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Should I Spay or Neuter My Cat

After adopting a new cat or kitten, you might be asking yourself if you should spay or neuter your new feline family member. Unless you plan to breed your cat the answer should definitely be yes. If you do plan to breed, please be sure that you are extremely serious about it. There are so very many homeless cats and kittens in shelters and rescues, as well as strays on the streets. Spaying and neutering, or altering, your cat can help alleviate the problem of overpopulation.

Consider these statistics provided by the American Humane Association:

One female cat and her offspring can produce 80,399,780 cats in a 10-year period, assuming there are two litters per year and that 2 or 3 kittens survive per litter. The break down year by year is as follows:

Some more statistics to think about:

In 2007 one Central Florida shelter euthanized 8,075 cats, which was up from 6,180 in 2004. More of the 2004 statistics state that a total of 8,599 cats and kittens were impounded and only 1,169 were adopted or reclaimed. Of those only 147 (less than 2 percent) were reclaimed by their owners. (These statistics were found on Candy’s Cats, Inc. website - the rescue group through which we adopted our youngest cat, Jaidyn Gingerbread.)

This is just one facility in one area!

Most shelters and rescue groups spay and neuter cats (and dogs) before allowing them be adopted. This is a very good practice. When you adopt from a shelter or rescue there is usually an adoption fee, part of that is to help defray the cost of altering the cat.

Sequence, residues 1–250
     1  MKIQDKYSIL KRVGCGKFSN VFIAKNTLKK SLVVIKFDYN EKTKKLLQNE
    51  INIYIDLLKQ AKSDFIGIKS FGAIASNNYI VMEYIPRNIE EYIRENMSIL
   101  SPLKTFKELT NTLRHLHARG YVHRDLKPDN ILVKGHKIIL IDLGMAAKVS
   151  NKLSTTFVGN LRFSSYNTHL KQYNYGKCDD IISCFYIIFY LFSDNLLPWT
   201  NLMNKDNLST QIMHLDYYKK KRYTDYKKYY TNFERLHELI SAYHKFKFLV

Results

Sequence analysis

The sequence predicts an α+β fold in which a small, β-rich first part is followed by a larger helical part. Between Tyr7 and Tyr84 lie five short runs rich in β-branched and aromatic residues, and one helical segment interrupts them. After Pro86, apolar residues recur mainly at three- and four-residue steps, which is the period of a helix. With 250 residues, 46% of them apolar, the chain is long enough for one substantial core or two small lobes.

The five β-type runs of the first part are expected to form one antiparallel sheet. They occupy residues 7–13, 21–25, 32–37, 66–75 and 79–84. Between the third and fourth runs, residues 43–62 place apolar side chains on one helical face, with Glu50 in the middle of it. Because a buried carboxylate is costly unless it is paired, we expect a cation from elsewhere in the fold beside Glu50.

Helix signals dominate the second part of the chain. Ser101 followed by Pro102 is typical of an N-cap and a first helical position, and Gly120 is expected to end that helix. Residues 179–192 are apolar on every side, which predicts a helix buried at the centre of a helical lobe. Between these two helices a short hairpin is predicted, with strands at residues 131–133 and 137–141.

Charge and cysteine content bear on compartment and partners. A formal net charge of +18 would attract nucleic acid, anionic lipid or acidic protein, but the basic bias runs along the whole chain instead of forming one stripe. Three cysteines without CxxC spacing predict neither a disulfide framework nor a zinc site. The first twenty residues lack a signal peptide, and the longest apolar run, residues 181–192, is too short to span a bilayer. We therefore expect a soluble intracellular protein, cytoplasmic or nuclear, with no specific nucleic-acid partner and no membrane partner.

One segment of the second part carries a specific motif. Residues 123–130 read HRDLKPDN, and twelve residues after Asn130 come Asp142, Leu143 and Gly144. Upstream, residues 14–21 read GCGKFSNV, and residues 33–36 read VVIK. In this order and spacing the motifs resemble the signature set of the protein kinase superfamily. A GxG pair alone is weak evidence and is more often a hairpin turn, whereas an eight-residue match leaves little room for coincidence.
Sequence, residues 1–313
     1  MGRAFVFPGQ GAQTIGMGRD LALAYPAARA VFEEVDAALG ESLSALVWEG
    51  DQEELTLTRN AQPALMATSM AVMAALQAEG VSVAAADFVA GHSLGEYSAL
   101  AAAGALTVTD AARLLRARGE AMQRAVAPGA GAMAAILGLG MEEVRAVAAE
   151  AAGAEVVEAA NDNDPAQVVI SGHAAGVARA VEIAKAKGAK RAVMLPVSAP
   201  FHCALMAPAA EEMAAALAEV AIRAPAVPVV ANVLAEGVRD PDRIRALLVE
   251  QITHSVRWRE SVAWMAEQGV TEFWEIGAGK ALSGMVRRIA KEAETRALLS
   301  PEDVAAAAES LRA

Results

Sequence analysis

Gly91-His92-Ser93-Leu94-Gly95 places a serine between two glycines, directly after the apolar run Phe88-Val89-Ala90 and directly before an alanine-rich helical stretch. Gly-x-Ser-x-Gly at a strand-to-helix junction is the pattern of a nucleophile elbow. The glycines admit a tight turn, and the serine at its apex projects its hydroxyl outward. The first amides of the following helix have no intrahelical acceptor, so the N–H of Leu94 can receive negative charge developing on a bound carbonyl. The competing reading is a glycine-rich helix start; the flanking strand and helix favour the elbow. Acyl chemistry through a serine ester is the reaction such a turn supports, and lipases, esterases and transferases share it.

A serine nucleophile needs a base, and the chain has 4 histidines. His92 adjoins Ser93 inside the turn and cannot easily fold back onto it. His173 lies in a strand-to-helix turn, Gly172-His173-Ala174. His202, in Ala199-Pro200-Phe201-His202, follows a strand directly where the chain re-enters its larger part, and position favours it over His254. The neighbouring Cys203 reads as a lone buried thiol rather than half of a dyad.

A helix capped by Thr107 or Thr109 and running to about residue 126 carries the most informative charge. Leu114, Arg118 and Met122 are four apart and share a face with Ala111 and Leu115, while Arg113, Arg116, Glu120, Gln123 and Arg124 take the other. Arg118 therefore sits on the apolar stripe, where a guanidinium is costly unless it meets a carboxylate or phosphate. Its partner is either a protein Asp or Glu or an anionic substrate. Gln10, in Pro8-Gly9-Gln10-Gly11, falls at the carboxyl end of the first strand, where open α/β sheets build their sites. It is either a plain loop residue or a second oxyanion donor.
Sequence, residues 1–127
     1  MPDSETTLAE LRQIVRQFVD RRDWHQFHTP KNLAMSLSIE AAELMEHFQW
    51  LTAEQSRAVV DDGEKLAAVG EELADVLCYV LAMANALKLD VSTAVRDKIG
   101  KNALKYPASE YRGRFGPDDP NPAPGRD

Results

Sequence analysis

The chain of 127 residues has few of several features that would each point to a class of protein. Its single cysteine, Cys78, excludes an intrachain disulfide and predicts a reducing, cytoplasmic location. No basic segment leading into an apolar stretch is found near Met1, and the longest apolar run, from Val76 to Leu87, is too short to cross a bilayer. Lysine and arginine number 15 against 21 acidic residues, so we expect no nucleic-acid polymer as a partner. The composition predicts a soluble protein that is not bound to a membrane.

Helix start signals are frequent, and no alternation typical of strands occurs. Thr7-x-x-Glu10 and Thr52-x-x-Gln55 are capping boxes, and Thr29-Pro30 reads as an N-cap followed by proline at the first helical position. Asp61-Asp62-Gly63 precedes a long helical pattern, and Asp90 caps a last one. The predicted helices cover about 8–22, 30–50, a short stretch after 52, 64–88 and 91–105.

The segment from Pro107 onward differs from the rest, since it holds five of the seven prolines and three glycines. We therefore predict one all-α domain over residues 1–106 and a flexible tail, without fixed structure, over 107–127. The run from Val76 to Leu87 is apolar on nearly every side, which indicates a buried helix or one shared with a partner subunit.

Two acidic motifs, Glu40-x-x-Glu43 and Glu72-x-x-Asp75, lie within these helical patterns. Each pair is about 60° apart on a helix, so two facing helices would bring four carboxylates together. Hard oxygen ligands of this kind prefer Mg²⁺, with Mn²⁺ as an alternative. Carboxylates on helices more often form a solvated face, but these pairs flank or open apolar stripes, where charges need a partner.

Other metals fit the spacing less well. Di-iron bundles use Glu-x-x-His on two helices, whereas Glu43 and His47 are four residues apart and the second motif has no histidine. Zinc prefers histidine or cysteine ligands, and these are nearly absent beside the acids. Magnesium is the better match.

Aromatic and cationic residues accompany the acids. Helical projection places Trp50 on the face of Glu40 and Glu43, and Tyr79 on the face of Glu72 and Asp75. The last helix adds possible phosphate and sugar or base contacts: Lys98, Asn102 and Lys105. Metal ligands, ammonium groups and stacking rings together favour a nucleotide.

If the cat or kitten you adopt is not spayed or neutered, please keep your new cat inside until you are able to have her or him spayed or neutered. A good age to get your cat altered is around 5 or 6 months old, before females experience their first heat cycle and before most sexual behaviors develop. The procedure can be done as early as six weeks old. Check with your veterinarian to see when he or she recommends doing the surgery.

Females typically need to spend one night at the animal hospital after surgery. At least that is the practice at my animal hospital. Males are usually allowed to go home the same day.

Pet overpopulation is a serious issue within our society and it is our responsibility to do what we can to help alleviate the problem. By spaying and neutering our cats we are helping.

There are also behavioral and health Benefits to Spaying and Neutering Cats.

© Melissa Knoblett-Aman



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